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Singing Helps Stroke Patients Communicate

The key to communication for some speech-impaired stroke patients may be learning to sing their words and phrases.

The technique—called melodic intonation therapy—was devised more than three decades ago, but a recent study to evaluate the therapy found that it produced dramatic improvements in 12 patients with aphasia, a deficit in language that results from a stroke on the left side of the brain. This language deficit affects about 20 percent of all stroke survivors. Patients undergoing the therapy learn to sing useful phrases such as “I am hungry” while tapping a rhythm with their left hands.

In the new study, presented at a medical conference in late February, patients who received this training in daily 90-minute sessions for 15 weeks improved and maintained their verbal abilities for up to a month after the therapy ended, says Gottfried Schlaug, M.D., a neurology professor at Harvard Medical School and Beth Israel Deaconess Medical Center who headed the study. He presented his findings at the annual meeting of the American Association for the Advancement of Science.

Each of the patients had suffered a serious stroke that left them unable to speak coherently, he tells Bulletin Today, “and all had tried other therapies—and nothing worked.” He plans a larger study of the therapy, which he says could benefit some 70,000 stroke patients a year who suffer from this kind of speech problem.

Why the singing therapy appears to work in stroke patients is unknown. But one theory is that the method works because the left side of the brain is engaged with speech and the right side with music.

“If you get a stroke in the left hemisphere, according to this hypothesis, you become aphasic and can’t produce words because the left hemisphere, although damaged, retains dominance for producing language,” says Martin L. Albert, M.D., professor of neurology at Boston University School of Medicine. Often the stroke patients know exactly what they want to say but can’t find the words. It’s as if they’re trying to express themselves in a foreign language they don’t know.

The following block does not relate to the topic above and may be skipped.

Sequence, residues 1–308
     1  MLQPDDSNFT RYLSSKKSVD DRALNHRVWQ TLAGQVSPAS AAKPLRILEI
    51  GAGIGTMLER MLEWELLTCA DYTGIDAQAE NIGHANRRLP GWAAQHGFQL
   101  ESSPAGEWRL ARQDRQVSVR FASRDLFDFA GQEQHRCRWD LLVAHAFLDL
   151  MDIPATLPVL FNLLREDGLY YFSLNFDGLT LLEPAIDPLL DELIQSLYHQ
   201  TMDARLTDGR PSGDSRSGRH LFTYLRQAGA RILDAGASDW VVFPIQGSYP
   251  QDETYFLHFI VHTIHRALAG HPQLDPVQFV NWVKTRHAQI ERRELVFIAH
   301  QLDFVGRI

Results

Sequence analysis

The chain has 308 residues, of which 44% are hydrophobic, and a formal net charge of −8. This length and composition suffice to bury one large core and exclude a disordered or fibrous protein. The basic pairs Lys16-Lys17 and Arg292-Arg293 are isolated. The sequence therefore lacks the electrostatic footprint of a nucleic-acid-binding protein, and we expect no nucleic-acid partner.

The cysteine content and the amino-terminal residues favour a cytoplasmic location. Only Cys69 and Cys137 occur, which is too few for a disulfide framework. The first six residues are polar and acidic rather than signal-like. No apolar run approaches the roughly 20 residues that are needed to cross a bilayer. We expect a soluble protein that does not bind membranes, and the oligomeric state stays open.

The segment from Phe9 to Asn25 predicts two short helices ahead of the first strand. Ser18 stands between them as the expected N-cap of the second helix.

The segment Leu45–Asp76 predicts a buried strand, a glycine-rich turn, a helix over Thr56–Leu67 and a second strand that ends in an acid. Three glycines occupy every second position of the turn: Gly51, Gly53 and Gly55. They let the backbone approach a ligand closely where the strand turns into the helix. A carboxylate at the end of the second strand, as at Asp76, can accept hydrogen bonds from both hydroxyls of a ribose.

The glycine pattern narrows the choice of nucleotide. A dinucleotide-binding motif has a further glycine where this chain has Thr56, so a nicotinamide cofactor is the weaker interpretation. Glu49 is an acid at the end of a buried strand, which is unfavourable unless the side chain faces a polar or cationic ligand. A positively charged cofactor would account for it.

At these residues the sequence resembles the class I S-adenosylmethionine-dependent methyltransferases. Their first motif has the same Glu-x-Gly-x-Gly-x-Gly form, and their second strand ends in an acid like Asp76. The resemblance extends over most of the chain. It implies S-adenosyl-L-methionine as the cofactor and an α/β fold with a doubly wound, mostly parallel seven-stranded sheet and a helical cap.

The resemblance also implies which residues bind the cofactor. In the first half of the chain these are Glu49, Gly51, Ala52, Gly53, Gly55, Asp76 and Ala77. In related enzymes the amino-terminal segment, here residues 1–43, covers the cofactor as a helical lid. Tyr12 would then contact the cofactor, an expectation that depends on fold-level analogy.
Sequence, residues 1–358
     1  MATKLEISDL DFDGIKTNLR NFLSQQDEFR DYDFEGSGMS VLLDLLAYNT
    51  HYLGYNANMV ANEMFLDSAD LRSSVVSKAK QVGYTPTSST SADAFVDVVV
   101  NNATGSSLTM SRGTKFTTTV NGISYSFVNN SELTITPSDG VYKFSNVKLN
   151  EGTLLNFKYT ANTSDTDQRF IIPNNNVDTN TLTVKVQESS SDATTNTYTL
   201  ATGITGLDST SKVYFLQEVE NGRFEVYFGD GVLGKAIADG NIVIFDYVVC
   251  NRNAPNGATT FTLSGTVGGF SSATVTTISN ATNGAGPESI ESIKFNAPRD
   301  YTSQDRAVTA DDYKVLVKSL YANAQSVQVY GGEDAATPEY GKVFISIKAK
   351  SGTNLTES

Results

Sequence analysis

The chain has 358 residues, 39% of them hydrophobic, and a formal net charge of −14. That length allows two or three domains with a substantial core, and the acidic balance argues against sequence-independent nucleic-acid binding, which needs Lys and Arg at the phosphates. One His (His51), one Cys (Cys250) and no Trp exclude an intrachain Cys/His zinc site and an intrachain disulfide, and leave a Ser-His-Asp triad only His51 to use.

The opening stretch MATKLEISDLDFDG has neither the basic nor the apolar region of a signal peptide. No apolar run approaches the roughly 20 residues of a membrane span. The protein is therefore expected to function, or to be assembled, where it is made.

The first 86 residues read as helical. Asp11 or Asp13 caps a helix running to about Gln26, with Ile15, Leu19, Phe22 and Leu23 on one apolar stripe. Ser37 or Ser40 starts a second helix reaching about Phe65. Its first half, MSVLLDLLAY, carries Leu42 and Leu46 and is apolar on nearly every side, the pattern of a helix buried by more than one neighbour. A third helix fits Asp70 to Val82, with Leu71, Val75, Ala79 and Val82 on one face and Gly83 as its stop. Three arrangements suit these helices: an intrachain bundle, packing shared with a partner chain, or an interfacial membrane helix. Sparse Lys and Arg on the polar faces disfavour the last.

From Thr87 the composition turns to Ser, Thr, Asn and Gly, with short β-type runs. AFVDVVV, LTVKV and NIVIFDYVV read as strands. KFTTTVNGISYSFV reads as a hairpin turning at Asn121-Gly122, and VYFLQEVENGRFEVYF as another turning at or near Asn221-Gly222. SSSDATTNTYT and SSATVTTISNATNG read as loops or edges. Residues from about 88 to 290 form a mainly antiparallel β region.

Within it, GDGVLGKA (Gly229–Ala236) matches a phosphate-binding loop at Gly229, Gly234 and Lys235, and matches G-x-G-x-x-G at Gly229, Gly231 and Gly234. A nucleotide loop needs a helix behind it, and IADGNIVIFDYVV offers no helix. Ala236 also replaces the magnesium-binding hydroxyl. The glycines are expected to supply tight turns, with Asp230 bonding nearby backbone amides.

Learning to sing the words essentially “shifts the dominance” to the right side of the brain—the “singing” side of the brain—so language can be released, Albert explains. Albert was not involved in Schlaug’s study, but he devised the therapy in the 1970s after he and other clinicians observed that some stroke patients who were no longer able to talk could still sing.

Since Albert’s discovery, there have been individual case studies of the therapy, but few larger studies, Schlaug says.

Tapping with the left hand not only helps the patients to keep rhythm, it also improves right-brain hearing and motor systems, and helps control facial movements, he adds.

Sid Kirchheimer covers consumer and health issues for the AARP Bulletin.

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